• In this image made from video, Attaporn Boonmakchuay gestures while talking to reporters, while lying in a hospital bed following a snake attack at his home in Chachoengsao, 90km east of the capital Bangkok, Wednesday, May 25, 2016. Boonmakchuay is recovering from a bloody encounter with a 3-meter (10-foot) python that slithered through the plumbing of his home and latched its jaws onto his penis as he was using a squat toilet. (BBTV CH7 Thailand via AP) THAILAND OUT

    Thai man bloodied but unbowed after intimate attack by snake

    BANGKOK (AP) — A Thai man is recovering from a bloody encounter with a 3-meter (10-foot) python that slithered through the plumbing of his home and latched its jaws onto his penis as he was using a squat toilet.

  • In this Wednesday, May 18, 2016 photo, a Sri Lankan landslide survivor caries her dog as she walks on the mud after a landslide in Elangipitiya village in Aranayaka about 72 kilometers (45 miles) north east of Colombo, Sri Lanka. Soldiers and police used sticks and bare hands Wednesday to dig through enormous piles of mud covering houses in three villages hit by massive landslides in central Sri Lanka, with hundreds of families reported missing. (AP Photo/Eranga Jayawardena, File)

    AP PHOTOS: Editor selections from the past week in Asia

    A landslide survivor carried her dog through mud in Sri Lanka, where heavy rains and flooding killed dozens of people and swamped thousands of homes in the capital.

  • In this May 29, 2014 file photo, Thai soldiers form a line while guarding a bus stop area to prevent an anti-coup demonstration at Victory Monument in Bangkok, Thailand. Thailand’s military seized power from an elected government on May 22, 2014, with the justification that it wanted to end chaotic and violent political confrontations that had wracked the country for years. But there was more than an attempt to restore stability at play. The coup really was traditional ruling elite’s latest and most decisive intervention in what is now a decade-long war for political power with billionaire telecommunications tycoon-turned-politician Thaksin Shinawatra. (AP Photo/Wason Wanichakorn, File)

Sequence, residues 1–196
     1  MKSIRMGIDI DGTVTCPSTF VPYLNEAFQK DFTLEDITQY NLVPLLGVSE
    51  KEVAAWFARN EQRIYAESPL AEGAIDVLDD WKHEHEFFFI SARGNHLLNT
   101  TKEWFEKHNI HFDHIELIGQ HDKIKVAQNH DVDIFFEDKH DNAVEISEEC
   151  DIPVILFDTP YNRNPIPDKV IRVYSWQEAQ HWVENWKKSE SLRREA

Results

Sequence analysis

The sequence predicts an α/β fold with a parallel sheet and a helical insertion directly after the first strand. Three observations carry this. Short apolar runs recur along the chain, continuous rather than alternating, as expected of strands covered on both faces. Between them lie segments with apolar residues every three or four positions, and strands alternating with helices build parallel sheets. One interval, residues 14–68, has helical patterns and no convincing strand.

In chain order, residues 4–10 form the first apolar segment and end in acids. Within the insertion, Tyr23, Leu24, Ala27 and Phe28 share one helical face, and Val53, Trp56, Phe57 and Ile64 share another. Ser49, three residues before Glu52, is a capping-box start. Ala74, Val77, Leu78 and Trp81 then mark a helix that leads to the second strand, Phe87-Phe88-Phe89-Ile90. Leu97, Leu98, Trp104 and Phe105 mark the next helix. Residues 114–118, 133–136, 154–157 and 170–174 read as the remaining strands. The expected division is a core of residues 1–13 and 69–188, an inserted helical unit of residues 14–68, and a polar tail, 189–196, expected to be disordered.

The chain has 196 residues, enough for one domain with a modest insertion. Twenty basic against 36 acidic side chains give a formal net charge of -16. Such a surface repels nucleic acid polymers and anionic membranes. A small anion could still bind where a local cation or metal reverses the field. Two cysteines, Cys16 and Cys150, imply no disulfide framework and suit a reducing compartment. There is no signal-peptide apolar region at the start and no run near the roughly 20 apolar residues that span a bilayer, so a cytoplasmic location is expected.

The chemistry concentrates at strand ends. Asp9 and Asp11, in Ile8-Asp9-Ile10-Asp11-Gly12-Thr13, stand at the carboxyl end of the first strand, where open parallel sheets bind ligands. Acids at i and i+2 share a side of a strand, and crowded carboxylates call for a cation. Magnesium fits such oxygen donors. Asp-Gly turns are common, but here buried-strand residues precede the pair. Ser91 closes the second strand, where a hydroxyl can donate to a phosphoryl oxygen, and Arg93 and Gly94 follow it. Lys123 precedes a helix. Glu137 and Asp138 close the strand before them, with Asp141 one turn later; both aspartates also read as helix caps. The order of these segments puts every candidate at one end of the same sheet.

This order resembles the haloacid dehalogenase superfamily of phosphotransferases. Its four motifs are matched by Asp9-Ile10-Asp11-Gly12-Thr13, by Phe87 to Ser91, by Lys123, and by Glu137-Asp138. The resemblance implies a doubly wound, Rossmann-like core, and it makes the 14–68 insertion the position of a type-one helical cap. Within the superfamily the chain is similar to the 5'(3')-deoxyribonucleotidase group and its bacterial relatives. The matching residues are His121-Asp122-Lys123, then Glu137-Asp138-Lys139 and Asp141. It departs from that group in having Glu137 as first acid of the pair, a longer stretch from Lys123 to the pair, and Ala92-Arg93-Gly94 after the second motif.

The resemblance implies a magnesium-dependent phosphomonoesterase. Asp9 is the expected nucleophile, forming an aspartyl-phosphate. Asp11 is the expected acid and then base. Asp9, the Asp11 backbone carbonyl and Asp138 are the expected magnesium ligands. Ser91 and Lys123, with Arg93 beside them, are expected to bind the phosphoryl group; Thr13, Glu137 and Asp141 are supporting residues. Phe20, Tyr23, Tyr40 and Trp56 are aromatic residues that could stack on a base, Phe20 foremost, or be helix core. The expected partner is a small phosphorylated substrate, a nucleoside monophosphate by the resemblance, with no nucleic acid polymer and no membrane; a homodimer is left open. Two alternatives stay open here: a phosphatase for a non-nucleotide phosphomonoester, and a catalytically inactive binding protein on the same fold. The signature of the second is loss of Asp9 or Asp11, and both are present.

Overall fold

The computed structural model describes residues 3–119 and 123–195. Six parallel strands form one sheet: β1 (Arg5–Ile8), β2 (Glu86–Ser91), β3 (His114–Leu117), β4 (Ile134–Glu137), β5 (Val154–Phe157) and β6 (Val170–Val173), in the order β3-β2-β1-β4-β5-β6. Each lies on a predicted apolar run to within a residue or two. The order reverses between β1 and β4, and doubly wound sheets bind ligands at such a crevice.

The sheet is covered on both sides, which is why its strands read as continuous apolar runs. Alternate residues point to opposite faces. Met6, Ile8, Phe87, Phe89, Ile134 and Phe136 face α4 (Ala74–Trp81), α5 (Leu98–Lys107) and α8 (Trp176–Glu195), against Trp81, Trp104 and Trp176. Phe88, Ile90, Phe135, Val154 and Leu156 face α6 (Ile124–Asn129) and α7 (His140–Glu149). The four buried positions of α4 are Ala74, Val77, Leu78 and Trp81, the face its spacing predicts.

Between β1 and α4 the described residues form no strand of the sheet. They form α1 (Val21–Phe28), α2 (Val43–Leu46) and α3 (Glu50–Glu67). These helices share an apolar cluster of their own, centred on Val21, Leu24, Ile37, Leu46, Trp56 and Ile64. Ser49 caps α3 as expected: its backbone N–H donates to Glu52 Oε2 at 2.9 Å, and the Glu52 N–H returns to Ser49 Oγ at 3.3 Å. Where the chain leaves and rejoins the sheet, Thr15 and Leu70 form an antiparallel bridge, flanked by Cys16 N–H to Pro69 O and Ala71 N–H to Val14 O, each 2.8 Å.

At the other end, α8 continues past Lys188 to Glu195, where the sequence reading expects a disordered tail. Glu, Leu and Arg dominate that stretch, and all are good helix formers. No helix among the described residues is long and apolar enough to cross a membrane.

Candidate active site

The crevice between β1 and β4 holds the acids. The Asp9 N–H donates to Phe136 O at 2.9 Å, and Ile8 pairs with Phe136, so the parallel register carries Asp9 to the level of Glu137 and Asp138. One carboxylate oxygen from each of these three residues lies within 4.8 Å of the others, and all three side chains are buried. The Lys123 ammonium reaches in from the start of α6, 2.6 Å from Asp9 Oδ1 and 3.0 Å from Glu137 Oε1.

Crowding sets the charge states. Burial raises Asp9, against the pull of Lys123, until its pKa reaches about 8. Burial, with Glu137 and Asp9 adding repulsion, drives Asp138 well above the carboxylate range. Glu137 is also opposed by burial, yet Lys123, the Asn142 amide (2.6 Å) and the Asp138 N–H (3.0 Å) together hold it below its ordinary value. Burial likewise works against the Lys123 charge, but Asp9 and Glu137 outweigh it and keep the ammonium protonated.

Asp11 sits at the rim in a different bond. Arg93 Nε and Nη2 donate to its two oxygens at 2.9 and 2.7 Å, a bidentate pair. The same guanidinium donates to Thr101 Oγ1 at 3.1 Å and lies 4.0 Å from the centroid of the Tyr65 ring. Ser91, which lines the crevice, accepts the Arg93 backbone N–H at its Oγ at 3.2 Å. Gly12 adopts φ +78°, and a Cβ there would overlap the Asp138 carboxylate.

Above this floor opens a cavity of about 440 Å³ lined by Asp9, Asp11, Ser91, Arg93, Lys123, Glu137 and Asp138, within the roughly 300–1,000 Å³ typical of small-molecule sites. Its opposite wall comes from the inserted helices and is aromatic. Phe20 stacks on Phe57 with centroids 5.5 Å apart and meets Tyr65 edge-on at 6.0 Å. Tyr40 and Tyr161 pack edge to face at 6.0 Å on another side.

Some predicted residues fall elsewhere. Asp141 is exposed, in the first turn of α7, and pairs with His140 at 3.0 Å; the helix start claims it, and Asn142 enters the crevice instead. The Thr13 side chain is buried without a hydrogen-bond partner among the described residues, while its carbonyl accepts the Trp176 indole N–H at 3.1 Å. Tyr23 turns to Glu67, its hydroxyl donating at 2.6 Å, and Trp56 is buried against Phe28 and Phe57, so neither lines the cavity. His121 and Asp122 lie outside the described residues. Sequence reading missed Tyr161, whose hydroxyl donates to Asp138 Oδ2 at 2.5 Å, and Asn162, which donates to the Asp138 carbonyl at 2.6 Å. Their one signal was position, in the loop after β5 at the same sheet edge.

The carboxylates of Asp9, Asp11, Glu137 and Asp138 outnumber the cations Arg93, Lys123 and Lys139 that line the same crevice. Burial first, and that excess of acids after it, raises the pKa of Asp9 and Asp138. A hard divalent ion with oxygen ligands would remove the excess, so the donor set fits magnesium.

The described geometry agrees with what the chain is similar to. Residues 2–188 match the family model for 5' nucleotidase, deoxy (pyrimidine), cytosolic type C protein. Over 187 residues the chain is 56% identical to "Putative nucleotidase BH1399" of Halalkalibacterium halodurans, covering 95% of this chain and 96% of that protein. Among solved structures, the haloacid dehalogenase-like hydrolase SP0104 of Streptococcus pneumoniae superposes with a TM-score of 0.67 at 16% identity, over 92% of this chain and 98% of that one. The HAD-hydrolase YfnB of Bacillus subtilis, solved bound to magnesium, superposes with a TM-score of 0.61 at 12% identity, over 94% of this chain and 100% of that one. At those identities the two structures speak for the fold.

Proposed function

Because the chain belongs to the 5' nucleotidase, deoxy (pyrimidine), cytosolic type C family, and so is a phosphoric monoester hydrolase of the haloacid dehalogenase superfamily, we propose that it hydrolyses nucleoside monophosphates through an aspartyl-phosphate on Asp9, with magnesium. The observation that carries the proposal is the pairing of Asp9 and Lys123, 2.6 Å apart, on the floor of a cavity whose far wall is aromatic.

AP Analysis: Why junta rules Thailand, with no end in sight

    BANGKOK (AP) — Thailand’s military seized power from an elected government on May 22, 2014, with the justification that it wanted to end chaotic and violent political confrontations that had wracked the country for years. But more than an attempt to restore stability was at play.

  • FILE- In this May 29, 2014, file photo, Thai soldiers guard an area to prevent an anti-coup demonstration at Victory Monument in Bangkok, Thailand. In the early evening of May 22, 2014, all TV screens in Thailand turned blue and up flashed an army emblem. That was the first sign of change. Suddenly, the country's army commander appeared on-screen to say that he was now in charge. Without firing a shot or spilling any blood, the military had staged its second coup in eight years _ and its 12th since the end of absolute monarchy in 1932. (AP Photo/Wason Wanichakorn, File)

    Voices from Thailand: Reflections on 2-year coup anniversary

    BANGKOK (AP) — In the early evening of May 22, 2014, all TV screens in Thailand turned blue and up flashed an army emblem. That was the first sign of change. Suddenly, the country’s army commander appeared to say he was now in charge.